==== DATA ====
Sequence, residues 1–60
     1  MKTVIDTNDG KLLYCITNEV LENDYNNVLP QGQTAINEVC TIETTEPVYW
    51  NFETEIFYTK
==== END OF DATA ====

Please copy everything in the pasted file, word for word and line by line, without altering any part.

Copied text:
Sequence, residues 1–60
     1  MKTVIDTNDG KLLYCITNEV LENDYNNVLP QGQTAINEVC TIETTEPVYW
    51  NFETEIFYTK